I have wanted to write since I was 9, when I combined words to make up titles for books for which I would some day be famous. The story would come from the title and I would magically become a writer. I’ve been working at it ever since… writing classes in high school and college and afterwards.
I write almost every day, although most people never see most of it. I put some on my blog, some on Medium, some on Facebook, I’ve self published two books, that didn’t go very far. I’ve participated in National Novel Writing Month for nearly 20 years. And still I work at it.
I just read something in an issue of The New Yorker Magazine about writing that really captured my attention.
“The subjects were given a few sentences from a short story to copy verbatim, in order to establish a baseline (during a CATscan type of imaging), and were then told to ‘brainstorm’ for sixty seconds and then to continue writing ‘creatively’ for two more minutes. It was noted that during the brainstorming part of the test, magnetic imaging showed that the sensorimotor and visual areas were activated; once creative writing started, these areas were joined by the bilateral dorsolateral prefrontal cortex, the left inferior frontal gyrus, the left thalamus, and the inferior temporal gyrus. In short, writing seems to be a whole brain activity… a brainstorm indeed.”*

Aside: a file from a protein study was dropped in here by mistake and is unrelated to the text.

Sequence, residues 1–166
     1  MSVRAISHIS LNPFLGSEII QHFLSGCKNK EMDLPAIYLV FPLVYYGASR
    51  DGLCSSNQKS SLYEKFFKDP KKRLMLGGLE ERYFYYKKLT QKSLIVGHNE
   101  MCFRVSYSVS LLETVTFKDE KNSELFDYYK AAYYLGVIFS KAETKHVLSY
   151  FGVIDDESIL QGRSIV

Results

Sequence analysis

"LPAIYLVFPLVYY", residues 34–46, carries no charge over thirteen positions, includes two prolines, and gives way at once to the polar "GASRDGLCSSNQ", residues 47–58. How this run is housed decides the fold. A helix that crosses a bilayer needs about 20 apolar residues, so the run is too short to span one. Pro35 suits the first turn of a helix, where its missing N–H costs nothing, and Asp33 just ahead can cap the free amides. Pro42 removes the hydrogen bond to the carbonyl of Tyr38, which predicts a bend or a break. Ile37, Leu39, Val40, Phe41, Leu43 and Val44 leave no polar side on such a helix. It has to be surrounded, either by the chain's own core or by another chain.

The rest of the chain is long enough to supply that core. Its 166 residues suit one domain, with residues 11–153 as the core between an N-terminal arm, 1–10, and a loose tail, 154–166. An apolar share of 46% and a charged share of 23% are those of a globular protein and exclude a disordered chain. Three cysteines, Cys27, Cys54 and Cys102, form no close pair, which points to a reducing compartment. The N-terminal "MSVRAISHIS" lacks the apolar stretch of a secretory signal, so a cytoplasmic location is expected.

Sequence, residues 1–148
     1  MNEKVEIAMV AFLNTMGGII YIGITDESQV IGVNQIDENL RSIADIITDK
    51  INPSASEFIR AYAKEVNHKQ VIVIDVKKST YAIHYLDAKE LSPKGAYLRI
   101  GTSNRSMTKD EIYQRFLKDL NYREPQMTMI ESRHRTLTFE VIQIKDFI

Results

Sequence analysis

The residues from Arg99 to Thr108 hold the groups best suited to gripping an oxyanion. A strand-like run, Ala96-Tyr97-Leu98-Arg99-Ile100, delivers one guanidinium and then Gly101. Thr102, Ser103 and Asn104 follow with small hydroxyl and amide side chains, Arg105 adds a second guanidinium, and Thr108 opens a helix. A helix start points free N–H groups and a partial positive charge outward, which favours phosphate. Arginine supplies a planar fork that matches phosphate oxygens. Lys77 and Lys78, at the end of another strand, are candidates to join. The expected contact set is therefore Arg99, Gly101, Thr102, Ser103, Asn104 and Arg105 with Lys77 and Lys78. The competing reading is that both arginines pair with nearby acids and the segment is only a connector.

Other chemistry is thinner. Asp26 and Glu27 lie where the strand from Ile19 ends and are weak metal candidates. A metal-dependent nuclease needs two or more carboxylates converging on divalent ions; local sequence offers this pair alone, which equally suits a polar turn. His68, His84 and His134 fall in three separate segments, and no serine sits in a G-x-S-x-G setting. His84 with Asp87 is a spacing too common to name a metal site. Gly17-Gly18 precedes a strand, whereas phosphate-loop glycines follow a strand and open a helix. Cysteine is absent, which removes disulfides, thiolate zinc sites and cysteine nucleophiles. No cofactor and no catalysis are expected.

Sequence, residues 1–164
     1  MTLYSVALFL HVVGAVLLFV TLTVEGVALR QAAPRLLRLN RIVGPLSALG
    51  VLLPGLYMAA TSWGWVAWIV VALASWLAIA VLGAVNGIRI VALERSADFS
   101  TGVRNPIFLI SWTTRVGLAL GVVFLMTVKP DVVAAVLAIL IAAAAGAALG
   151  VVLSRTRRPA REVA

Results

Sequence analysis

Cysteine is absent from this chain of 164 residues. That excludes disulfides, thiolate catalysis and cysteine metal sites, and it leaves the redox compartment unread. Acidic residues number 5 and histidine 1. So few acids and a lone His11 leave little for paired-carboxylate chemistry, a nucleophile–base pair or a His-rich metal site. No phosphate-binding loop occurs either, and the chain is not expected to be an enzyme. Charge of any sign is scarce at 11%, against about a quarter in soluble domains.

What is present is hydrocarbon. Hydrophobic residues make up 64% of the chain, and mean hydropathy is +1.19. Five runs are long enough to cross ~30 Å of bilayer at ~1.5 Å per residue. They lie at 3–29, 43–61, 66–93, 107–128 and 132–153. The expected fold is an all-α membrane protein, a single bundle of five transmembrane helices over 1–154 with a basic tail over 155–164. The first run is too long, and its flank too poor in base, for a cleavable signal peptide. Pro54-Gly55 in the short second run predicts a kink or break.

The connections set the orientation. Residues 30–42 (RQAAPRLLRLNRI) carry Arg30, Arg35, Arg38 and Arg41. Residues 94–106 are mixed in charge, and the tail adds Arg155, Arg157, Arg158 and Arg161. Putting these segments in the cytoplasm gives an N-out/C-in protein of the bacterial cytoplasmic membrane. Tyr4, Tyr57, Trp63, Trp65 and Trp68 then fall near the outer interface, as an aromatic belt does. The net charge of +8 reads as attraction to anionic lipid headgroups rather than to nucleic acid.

I found this fascinating. I knew music used all parts of the brain which is what makes it such a great healing and learning tool. Now apparently, writing can and does the same thing.
Even more reasons to continue working at writing.
*The Next Word” by John Seabrook Oct 14, 2019 Issue of The New Yorker